Choices, choices, choices... laying the groundwork for a new Leaving Certificate
Students, parents and teachers have been giving their views on senior cycle, writes Katherine Donnelly
Would a new-look Leaving Certificate serve the needs of students or society better if the number of subjects taken in the exams was reduced from the typical seven to five?
Very dfificult to say, certainly at this juncture, but it is an example of the sort of talking points thrown up in recent months in discussions on a review of senior cycle underway in school communities.
The National Council for Curriculum and Assessment (NCCA) is overseeing the process and there is a way to go before it gets to considering what shape any changes should take.
In the initial stage, the focus is on teasing out the purpose of senior cycle.
The Leaving Cert is widely seen purely as a method of selection for college entry, a mechanism built around three weeks of exams at the end of 13 to 14 years schooling, through which students achieve CAO points needed for third level.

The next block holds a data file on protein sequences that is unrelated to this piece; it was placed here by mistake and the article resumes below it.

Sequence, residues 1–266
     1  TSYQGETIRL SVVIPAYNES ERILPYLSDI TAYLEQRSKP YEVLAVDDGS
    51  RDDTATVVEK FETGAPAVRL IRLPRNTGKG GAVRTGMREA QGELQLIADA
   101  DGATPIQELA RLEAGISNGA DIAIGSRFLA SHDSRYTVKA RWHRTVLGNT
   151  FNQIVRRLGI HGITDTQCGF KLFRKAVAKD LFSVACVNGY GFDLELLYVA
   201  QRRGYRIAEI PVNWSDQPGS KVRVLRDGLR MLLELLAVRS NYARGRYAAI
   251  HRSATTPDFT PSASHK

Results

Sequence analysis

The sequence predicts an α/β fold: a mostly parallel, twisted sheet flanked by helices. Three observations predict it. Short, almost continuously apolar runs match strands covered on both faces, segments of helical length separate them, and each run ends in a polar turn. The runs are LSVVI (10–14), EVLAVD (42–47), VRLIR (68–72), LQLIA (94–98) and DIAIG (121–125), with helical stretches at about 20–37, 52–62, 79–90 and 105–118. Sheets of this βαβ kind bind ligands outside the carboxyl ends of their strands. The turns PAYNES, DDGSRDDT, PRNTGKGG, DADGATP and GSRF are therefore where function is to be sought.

Not everyone goes to third level and even if they did, there is an acceptance that the final two years in school should also be about recognising achievement beyond the single measure of CAO points, and equipping students with the personal and thinking skills they need for life in general.
The NCCA consultations have kicked off with a ground-up exercise involving students, teachers and parents in a representative sample 41 schools to ensure the voices of those at the coalface are clearly heard and taken on board from the very start of the process.
The first round involved 1,200 students in 20 schools, working with NCCA facilitators. Similar work is now underway with students in the other 21 schools.
Separately, the 41 schools are eliciting the views of teachers and parents.
The Economic and Social Research Institute (ESRI) is analysing all the feedback and its researchers have been providing insights into emerging themes, at a series of NCCA seminars held in recent weeks.
The challenge in setting out a purpose and vision for senior cycle is becoming apparent.
On the one hand, there is an obvious attachment to and a recognition of the role of the Leaving Cert as a selection tool for third level, but how does senior cycle fulfil wider purposes and allow students the time to develop skills that might not be assessed in traditional exams?
Overall, the current system is regarded as having a lot going for it, although a view among teachers is that it neglects the needs of students who have a more practical orientation and those with special needs.
Positives reported by both teachers and parents include the diversity of subjects, while teachers also spoke in favour of the higher/ordinary level option because it gives all students a better chance at passing. But even with the current choice of subjects, some students feel there should be more.